ASK FATHER: Abstinence on a Friday of Lent that is also the Feast of the Annunciation. What to do?

From a reader…


What is required / recommended regarding fasting and abstinence when a solemnity falls on a Friday in Lent?

And another…

I can’t make out if the Lenten Friday rule of abstinence applies to the Solemnity tomorrow?

I presume you are Latin Church Catholics.

Those who are bound by the law are to do penance on Fridays of Lent.

However, tomorrow, Friday is 25 March, the Solemnity (in the Novus Ordo calendar, which the 1983 Code presumes) of the Annunciation.

Please attend to can. 1251.

Can. 1251 Abstinence from meat, or from some other food as determined by the Episcopal Conference, is to be observed on all Fridays, unless a solemnity should fall on a Friday. Abstinence and fasting are to be observed on Ash Wednesday and Good Friday.

For those who don’t like the Usus Recentior or the Novus Ordo… your likes or dislikes make not the slightest difference. If you are a subject of the Latin Church, the 1983 Code pertains to you.

Because in the Novus calendar the Feast of the Annunciation has the rank of a Solemnity, and because can. 1251 applies to you, you are not bound to your Friday penance.

Of course you can do as you please. Do penance if you choose. You are not bound to it.   There are conflicting goods: celebrating a great feast of Incarnation of the Second Person of the Trinity, for even those feasts concerning Mary always look to the Lord, as she herself did, or, due to the penitential season, the proper desire to practice some denial for the sake of Lenten disciplina.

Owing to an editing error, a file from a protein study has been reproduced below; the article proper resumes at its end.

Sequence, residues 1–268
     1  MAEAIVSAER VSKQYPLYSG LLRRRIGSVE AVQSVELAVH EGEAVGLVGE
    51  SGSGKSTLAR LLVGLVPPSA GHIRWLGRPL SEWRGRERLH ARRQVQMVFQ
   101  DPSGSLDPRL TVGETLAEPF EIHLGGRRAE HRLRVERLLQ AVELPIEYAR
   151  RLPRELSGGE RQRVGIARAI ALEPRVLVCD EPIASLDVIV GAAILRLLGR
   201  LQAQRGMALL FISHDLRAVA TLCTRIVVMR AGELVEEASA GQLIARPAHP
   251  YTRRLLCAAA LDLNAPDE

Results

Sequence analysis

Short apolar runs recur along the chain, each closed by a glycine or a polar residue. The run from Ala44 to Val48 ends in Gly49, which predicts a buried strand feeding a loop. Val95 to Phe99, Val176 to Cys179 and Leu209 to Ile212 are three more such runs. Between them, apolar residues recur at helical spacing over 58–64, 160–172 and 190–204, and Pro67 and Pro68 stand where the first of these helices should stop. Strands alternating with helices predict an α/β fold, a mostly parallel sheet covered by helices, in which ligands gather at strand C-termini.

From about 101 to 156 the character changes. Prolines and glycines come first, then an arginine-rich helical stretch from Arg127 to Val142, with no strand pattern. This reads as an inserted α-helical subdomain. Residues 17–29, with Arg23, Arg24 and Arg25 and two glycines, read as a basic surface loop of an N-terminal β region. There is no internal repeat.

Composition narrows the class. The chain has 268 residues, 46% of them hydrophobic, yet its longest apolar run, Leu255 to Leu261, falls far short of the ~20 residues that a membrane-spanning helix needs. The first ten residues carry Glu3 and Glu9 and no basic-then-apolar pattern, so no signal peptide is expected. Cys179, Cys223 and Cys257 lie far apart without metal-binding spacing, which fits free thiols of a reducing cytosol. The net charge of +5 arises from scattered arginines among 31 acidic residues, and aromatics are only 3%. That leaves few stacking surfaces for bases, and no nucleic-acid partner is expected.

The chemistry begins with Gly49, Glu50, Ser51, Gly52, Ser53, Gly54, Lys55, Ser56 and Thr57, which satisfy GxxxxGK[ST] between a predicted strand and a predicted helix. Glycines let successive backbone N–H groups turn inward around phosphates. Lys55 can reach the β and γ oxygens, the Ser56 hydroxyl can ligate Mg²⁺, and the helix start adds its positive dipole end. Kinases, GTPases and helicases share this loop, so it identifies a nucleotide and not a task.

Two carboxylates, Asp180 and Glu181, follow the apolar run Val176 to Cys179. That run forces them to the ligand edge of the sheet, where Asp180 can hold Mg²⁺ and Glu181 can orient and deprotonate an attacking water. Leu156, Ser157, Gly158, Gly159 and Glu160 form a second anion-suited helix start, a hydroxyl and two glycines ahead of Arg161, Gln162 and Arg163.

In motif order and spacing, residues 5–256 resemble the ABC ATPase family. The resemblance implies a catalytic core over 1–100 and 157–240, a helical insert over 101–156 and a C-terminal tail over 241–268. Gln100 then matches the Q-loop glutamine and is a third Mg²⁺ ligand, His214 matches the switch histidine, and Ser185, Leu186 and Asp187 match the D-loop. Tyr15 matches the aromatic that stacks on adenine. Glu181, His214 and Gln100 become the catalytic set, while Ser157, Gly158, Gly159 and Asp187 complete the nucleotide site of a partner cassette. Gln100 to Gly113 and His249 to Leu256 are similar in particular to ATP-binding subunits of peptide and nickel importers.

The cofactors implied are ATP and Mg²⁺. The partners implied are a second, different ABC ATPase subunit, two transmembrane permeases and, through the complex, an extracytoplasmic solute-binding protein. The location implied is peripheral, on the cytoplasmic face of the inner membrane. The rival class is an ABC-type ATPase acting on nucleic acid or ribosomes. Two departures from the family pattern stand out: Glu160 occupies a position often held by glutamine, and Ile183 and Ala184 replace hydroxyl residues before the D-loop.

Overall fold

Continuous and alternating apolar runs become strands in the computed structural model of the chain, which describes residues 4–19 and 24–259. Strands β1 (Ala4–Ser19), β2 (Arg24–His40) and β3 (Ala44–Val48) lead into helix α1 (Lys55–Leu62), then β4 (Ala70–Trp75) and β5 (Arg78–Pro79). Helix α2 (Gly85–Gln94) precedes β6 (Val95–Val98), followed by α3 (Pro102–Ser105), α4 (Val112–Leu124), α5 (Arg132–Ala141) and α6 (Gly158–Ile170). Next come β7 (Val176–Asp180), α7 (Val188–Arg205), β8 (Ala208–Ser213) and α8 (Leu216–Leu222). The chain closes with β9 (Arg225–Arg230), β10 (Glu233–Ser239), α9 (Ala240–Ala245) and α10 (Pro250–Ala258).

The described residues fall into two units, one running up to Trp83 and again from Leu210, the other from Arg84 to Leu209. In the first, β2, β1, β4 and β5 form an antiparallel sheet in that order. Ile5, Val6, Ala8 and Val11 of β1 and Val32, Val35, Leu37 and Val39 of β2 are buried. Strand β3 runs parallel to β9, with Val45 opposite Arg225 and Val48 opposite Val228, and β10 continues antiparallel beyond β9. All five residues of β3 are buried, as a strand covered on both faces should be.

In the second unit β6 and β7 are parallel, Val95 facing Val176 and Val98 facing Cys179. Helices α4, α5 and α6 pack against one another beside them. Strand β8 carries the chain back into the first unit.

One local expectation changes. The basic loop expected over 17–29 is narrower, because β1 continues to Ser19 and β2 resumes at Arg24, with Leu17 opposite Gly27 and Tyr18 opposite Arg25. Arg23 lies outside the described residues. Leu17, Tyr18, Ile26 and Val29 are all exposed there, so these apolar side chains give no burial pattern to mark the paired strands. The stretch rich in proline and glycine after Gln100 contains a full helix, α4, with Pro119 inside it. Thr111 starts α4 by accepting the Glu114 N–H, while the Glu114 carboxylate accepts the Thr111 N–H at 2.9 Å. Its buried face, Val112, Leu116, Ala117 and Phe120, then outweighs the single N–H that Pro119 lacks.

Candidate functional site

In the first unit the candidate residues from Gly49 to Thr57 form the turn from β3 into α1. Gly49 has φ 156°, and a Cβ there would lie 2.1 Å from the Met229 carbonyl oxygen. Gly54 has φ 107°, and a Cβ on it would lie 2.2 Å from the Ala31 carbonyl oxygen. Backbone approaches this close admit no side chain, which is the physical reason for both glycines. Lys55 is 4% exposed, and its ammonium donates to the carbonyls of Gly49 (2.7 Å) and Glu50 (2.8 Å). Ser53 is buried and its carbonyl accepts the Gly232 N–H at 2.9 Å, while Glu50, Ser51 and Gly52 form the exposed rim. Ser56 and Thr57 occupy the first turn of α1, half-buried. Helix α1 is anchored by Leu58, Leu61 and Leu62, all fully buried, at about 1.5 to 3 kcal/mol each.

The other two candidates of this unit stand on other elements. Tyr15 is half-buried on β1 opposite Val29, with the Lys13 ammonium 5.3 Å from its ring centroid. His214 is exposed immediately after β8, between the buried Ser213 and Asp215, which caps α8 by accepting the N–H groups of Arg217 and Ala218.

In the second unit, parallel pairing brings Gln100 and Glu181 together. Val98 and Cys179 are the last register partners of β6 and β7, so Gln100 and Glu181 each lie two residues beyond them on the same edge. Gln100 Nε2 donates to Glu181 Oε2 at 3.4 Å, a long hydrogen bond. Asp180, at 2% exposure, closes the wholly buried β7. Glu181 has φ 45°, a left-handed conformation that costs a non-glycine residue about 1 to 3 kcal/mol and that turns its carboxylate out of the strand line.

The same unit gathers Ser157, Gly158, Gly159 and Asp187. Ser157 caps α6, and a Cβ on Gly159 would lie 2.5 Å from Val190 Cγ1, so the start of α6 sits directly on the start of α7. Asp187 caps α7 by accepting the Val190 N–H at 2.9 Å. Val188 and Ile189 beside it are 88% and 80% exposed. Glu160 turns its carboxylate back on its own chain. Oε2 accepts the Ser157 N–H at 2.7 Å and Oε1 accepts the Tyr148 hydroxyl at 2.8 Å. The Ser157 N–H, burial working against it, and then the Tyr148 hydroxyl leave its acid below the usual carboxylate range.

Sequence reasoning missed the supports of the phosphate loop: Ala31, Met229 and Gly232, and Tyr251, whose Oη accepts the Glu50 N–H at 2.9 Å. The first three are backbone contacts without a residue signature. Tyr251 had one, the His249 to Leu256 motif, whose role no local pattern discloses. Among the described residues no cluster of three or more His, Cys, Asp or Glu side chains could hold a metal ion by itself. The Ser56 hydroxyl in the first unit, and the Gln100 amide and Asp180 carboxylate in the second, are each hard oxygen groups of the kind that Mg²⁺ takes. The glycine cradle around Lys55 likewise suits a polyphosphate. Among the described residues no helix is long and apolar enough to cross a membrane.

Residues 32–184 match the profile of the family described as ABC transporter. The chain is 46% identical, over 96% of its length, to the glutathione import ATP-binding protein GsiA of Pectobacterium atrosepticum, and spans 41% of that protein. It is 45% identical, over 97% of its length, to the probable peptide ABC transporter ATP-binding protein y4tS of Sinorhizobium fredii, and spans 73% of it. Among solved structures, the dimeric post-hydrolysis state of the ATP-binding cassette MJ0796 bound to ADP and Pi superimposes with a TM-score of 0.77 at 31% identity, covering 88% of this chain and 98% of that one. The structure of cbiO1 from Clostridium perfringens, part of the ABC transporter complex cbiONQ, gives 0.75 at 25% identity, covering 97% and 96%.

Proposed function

In these cases of great feasts during Lent, I generally suggest that people keep their festivities somewhat muted. The Solemnity is a true feast day.  That doesn’t mean necessarily extravagance.  It also includes refraining from unnecessary things.

Be penitentially festive. Or, if that doesn’t do it for you, be festively penitent.


About Fr. John Zuhlsdorf

Fr. Z is the guy who runs this blog. o{]:¬)
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  1. TonyO says:

    So excellent, so clear. Thank you, Fr. Z.

    We can, indeed, BOTH be penitential (in part) and festive (in part). For example, we can have a feast-day meal designed around no meat. Or have meat on the day, but take on some other penance that is fitting, on the side. Since we are having company, we will probably go festive on the meal, but not sure of the details.

    For those who don’t like the Usus Recentior or the Novus Ordo… your likes or dislikes make not the slightest difference.

    Ha, had to laugh at that. It’s interesting, though, that one of the usual opportunities is – by the above fact – not available: the opportunity to humble yourself to the law (and the will of the lawmaker, our superior in the Church) by obedience. In this case, that superior says “I impose no requirements”, so we can not be submissive to them. Other than THAT, we can make any sacrifices we think fitting.

  2. Flos Carmeli says: